Definition of gene-altered in US English:



  • (especially in journalism) genetically modified.

    ‘the much ballyhooed, vine-ripened, gene-altered, rot-resistant tomato’
    • ‘Gene-altered salmon actually exist although they have not been approved for human consumption.’
    • ‘But researchers don't know what would happen if some of the gene-altered fish broke free from the pens.’
    • ‘Genetic engineering has helped millions of people by turning gene-altered bacteria into microscopic factories that produce life-saving drugs.’
    • ‘This method uses gene-altered microbes to rid the mouth of the bacteria that cause cavities.’
    • ‘Protesters in the United Kingdom have trampled fields of gene-altered corn.’
    • ‘As public awareness of the controversies surrounding genetically modified crops grows, the ability to choose whether or not to eat gene-altered food is quickly diminishing.’
    • ‘In 1998, for instance, the administration threatened to withdraw from a proposed trade pact if New Zealand required labeling of gene-altered foods.’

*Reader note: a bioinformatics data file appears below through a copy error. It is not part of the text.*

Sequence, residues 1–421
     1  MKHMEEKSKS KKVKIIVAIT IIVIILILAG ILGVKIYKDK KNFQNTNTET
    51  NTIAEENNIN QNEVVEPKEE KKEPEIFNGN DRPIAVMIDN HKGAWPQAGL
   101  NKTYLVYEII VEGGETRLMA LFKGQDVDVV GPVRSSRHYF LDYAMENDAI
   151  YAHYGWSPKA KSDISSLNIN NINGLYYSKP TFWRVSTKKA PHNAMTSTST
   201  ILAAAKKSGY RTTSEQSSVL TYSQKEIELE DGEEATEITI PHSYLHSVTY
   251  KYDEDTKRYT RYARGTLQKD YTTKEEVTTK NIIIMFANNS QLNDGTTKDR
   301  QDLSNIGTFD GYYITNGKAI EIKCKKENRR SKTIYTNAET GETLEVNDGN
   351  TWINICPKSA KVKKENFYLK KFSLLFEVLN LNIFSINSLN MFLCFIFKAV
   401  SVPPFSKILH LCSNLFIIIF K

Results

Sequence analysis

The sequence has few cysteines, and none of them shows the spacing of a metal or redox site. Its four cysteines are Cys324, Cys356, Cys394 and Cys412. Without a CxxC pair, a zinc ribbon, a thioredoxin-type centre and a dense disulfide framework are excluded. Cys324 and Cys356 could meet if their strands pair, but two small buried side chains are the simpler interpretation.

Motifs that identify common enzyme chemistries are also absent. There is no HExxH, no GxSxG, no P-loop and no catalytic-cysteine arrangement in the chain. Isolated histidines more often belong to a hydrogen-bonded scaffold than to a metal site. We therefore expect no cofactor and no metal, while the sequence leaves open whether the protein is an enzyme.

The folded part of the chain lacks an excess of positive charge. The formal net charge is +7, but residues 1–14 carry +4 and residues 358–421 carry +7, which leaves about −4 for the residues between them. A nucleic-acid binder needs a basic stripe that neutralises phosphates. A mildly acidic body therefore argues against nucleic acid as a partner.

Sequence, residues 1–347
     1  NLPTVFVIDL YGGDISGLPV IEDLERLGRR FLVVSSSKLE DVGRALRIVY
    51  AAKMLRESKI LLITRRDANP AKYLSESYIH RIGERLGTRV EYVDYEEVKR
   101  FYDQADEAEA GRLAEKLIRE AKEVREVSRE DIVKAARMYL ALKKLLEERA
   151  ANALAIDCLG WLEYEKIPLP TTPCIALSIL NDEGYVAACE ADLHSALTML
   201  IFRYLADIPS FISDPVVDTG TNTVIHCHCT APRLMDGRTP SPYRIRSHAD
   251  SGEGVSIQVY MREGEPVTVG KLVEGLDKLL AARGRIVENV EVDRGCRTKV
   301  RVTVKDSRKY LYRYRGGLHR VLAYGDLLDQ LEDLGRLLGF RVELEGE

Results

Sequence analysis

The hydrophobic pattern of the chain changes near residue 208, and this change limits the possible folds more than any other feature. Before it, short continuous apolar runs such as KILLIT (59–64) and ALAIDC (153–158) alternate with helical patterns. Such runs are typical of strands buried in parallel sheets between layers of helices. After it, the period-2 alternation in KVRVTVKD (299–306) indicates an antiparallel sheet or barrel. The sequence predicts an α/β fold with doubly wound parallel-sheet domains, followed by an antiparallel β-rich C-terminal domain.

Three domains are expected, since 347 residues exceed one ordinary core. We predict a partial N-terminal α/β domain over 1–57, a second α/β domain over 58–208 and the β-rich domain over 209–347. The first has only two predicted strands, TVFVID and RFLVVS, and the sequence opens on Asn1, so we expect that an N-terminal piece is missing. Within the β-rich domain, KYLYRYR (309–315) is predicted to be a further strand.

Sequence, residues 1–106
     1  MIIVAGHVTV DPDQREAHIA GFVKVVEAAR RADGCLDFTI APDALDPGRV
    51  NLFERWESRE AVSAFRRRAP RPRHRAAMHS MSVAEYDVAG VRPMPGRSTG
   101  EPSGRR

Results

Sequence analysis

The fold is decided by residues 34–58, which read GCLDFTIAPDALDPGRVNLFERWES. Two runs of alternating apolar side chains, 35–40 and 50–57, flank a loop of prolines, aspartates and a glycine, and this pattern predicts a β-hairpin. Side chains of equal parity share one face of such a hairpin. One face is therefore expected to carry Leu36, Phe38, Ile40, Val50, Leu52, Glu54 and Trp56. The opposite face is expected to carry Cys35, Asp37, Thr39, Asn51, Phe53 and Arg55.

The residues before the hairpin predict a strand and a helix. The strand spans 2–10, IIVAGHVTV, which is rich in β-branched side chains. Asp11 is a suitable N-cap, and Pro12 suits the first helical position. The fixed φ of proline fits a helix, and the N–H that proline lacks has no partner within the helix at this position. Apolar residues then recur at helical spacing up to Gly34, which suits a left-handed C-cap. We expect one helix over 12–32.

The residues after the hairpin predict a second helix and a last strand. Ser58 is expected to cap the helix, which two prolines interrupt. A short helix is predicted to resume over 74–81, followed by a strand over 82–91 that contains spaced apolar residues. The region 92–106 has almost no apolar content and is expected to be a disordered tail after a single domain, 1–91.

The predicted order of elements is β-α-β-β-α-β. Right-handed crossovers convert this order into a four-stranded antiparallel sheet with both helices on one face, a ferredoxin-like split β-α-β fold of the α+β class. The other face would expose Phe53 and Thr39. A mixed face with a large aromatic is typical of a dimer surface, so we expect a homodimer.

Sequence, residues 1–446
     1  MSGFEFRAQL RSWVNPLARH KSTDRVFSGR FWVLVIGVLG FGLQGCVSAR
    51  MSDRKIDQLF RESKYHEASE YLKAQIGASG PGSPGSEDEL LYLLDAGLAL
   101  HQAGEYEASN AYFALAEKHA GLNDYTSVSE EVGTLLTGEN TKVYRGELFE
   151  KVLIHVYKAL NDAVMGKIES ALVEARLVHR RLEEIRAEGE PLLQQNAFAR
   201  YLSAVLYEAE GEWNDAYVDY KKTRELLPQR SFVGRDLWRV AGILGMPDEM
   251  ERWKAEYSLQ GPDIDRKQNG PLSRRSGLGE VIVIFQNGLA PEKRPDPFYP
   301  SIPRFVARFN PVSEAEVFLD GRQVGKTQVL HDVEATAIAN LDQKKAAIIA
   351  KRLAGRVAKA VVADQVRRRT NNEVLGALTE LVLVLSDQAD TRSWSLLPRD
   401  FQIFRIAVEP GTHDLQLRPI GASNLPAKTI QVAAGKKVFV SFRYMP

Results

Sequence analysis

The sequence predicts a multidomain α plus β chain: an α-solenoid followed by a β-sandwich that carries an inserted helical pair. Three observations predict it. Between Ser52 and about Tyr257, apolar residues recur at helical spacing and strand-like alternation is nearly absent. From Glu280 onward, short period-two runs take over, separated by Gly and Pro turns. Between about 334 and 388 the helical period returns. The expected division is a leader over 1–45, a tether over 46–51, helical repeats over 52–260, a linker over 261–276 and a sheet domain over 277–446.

• ‘Some growers complain that they've been pressured to pay fees to the company after stray gene-altered plants ended up growing on their farms.’
    • ‘But opponents contend the technology is too new to be proven safe and that cross-pollination between gene-altered crops and nearby organic crops could severely harm the organic food industry.’
    • ‘And even the most fastidious eaters today are probably consuming gene-altered food against their will.’
    • ‘As the industry faces consumer skepticism and deepening scientific doubts about the environmental safety of gene-altered crops, its predictions have grown ever more wondrous.’
    • ‘It is doing more risk assessment to help ensure that gene-altered crops are safe for people and the environment.’
    • ‘Genetic engineering, however, has become a fiery trade issue, as other nations who have traditionally imported our grain and food products are coming to reject gene-altered food.’
    • ‘The company feared a consumer backlash if people thought gene-altered rice could end up in their bottles.’